As a commodity, sugar, or the Other White Powder, is plagued by the same problems of excess production capacity, slack demand growth and lack of pricing power that's bedeviling many manufacturers. As a result, prices are moving back down toward the 1999 lows.
Well, as my bearish friends might say, where there's pain and suffering, there's opportunity. Or to put it another way, when life hands you a lemon, make (sweetened) lemonade. Since confectioners, food processors and soft drink syrup producers are major consumers of sugar, let's see if candy is dandy.
Not So Sweet
Just how badly has the sugar market been taking its lumps? Since April 1949, when the world's population was less than half of what it is today, real sugar prices have fallen by more than 71% and now sit at levels not seen since 1985. While there's no Moore's Law involving sugar production, such declining prices are to be expected. If prices rose, substitution by artificial sweeteners and high-fructose corn syrup would accelerate.
Moreover, much of the world's sugar production is subsidized, as is cane sugar in Florida and Louisiana, or beet sugar throughout much of Europe. The New York Board of Trade has two sugar contracts, an active one for world sugar, and a relatively inactive one for the domestic sugar that's more than three-and-one-half times as expensive.
Who pays for these higher domestic sugar prices? You do.
State marketing boards whose goal is to generate foreign exchange earnings, not to maximize profits, dominate world sugar production. Indeed, the latest Latin American currency/debt crisis, this one in Brazil (we should start assigning these ongoing belly-flops names, much as we do for hurricanes), will pressure Brazil to expand exports regardless of the effect on price.
A Sugar Low
Source: Bridge/CRB Infotech
The Brazilian Connection
The Brazilian Bovespa index has been taking it on the chin this year, down 23.4% in Brazilian real (BRL) terms and a whopping 37.5% in U.S. dollar terms. The yield on long-term bonds has surged to 22.3% from 14% at the end of April. Over the same period, the real has fallen to 2.83 to the dollar from 2.36. The Argentine default and the prospect of a an incoming socialist administration later this year, combined with the realization that the IMF cavalry won't be able to ride to the rescue this time, have led to the carnage.
The Real Thing
The end of controlled devaluation in Brazil in January 1999, an event that in retrospect ended the cycle of global financial crises dating from the Thai baht devaluation in July 1997, was followed in very rapid order by a big plunge in world sugar prices. A less abrupt BRL drop in early 2001 pushed the sugar market over the edge one more time. The current BRL washout is threatening to do the same, so let's find a likely beneficiary.
Make a Pile on Tate & Lyle
Falling commodity prices generally benefit the buyers of raw materials who can then add value via distribution. The ADRs of
Tate & Lyle
, the British sugar refiner, have a one-year total return of 44%, including a 9.5% gain so far in 2002. You have to like its 7.34% dividend yield, too, now that dividends are all the rage once again.
Tate & Lyle's performance relative to the
has had a strong sugar price component to it since the January 1999 BRL devaluation. It outperforms the broad market when sugar prices fall, and underperforms when sugar prices rise. This is a perfect profile for a commodity consumer: Any buyer of any commodity wants its performance to look like a put option on that commodity. A put option benefits from lower prices and has a limited loss at higher prices. So a buyer of Tate & Lyle could hedge the position by selling put options on sugar.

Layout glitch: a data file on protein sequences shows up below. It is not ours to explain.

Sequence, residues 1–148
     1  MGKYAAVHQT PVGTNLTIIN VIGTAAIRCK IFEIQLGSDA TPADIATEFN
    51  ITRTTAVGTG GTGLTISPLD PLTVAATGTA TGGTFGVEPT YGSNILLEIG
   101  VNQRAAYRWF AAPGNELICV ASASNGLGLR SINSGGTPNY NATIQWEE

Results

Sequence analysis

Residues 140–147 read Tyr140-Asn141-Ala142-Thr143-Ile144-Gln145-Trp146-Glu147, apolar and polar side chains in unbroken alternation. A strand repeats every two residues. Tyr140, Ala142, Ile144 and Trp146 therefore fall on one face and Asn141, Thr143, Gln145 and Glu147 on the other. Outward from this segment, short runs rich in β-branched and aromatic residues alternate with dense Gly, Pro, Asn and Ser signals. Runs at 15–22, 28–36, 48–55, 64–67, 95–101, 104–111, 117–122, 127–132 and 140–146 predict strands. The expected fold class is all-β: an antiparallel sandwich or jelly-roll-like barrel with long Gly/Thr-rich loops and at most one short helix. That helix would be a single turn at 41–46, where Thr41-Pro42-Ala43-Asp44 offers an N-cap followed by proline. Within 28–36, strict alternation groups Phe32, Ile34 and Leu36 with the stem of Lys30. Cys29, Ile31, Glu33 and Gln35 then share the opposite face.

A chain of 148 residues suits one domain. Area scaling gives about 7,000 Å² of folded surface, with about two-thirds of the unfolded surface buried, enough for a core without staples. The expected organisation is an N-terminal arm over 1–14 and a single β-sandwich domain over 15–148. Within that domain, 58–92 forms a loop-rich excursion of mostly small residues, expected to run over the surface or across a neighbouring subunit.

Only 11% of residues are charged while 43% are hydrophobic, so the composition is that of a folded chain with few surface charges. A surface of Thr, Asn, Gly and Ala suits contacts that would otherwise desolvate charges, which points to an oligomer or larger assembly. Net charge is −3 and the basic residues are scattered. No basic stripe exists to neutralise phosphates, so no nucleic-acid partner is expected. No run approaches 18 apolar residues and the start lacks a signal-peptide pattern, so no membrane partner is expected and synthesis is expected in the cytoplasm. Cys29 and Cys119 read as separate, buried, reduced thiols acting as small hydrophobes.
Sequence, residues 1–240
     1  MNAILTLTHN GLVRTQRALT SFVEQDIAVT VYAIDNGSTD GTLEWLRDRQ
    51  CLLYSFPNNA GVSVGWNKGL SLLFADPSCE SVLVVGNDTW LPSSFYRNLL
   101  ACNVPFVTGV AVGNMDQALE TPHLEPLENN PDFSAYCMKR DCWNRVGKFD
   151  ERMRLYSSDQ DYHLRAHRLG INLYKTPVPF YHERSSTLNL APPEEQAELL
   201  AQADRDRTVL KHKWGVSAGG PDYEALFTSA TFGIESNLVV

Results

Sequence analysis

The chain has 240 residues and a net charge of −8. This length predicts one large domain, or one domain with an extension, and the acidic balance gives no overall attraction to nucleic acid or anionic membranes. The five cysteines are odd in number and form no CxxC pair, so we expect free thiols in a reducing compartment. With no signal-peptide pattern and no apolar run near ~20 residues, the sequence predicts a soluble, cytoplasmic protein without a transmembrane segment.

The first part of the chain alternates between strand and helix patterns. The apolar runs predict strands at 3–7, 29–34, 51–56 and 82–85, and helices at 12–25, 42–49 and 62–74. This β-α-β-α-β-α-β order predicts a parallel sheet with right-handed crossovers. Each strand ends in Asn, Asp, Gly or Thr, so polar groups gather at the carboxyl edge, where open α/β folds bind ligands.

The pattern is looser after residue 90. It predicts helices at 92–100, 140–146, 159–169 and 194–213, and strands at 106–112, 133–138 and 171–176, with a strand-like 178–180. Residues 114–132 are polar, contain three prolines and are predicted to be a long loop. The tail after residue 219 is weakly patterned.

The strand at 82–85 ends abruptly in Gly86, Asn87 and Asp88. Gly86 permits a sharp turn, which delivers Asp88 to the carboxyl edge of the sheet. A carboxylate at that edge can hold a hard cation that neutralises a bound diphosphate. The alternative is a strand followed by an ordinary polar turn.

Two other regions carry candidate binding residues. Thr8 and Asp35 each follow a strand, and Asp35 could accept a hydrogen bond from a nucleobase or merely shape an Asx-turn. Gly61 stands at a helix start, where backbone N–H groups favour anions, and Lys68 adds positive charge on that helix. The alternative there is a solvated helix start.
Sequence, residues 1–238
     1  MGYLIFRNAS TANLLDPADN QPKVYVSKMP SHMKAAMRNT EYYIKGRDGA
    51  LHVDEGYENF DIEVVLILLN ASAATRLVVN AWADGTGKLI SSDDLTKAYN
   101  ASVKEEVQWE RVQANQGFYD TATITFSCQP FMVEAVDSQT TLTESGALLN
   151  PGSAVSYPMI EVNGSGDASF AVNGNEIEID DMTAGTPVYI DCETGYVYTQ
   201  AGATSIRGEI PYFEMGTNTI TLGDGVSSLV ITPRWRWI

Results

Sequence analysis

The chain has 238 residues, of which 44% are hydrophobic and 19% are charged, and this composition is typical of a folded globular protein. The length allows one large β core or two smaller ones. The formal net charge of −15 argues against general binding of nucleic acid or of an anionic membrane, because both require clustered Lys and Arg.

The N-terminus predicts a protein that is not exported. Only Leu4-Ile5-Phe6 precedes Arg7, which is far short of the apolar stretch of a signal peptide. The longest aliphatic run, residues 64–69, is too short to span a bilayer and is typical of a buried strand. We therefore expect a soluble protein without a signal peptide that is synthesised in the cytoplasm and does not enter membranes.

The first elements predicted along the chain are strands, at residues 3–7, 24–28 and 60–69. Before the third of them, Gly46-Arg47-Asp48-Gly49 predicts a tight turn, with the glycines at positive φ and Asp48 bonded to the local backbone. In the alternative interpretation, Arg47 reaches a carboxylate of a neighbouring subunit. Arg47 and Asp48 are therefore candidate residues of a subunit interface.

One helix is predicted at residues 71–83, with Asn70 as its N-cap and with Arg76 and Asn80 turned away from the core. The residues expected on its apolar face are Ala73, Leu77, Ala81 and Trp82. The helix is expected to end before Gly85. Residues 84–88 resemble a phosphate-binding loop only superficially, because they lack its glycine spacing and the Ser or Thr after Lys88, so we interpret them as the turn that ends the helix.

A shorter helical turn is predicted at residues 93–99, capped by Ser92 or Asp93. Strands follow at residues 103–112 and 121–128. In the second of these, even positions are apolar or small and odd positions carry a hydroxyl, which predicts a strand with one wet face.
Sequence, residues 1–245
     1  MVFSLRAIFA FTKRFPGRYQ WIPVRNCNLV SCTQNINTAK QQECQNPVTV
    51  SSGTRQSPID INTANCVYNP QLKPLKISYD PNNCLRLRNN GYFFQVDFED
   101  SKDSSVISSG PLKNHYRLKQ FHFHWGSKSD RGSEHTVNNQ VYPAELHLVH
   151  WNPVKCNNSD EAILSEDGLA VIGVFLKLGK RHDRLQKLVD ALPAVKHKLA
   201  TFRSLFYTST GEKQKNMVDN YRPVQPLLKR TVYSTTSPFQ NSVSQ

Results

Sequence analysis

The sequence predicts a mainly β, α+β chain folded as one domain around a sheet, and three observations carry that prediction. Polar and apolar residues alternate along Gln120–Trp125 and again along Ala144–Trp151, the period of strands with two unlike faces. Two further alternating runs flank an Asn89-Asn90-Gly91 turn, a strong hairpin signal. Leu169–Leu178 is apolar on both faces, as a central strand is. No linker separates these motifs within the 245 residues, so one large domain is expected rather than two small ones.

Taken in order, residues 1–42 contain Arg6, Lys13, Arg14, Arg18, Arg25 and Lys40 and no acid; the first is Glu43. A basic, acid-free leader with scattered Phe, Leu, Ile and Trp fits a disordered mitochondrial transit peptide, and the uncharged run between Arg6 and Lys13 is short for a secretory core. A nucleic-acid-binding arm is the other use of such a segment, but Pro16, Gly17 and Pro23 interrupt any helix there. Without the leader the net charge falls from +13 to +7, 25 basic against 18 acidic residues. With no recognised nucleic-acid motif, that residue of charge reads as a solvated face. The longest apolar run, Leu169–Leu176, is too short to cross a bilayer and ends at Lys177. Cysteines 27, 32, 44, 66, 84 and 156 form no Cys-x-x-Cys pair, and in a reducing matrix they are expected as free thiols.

A Do-It-Yourself Put Option on Sugar
Trade Is Aid
Tate & Lyle is one of the few relatively pure plays on sugar from either the production or consumption sides.
is a huge consumer of sugar globally, but it switched to high-fructose corn syrup in its U.S. operations years ago.
is a privately held powerhouse in the confection business, so we are unable to judge its performance, but other major confectioners such as
Tootsie Roll Industries
have had a difficult time in 2002. These American firms are subject to the domestic, not world, price of sugar, and therefore are unable to benefit from lower feedstock costs.
Why American consumers should pay 3.5 times the world price for sugar to benefit a few growers is unclear. It is the same loser's game of protectionism that has caused steel prices to shoot higher and damage the American auto industry. Have you checked auto sales and the price of
If we want to help Brazil and other sugar producers out of their morass -- this time -- let's forget about one more cockamamie IMF sweep-it-under-the-rug scheme and buy sugar cheaper from them than we can produce it for ourselves. It's a win-win solution for all but a handful of American sugar growers.
Howard L. Simons is a special academic advisor at Nasdaq Liffe Markets, a professor of finance at the Illinois Institute of Technology, a trading consultant and the author of
The Dynamic Option Selection System. Under no circumstances does the information in this column represent a recommendation to buy or sell securities. The views expressed is this article are those of Howard Simons and not necessarily those of NQLX. As a matter of policy, NQLX disclaims the private publication of materials by its employees. While Simons cannot provide investment advice or recommendations, he invites you to send your feedback to
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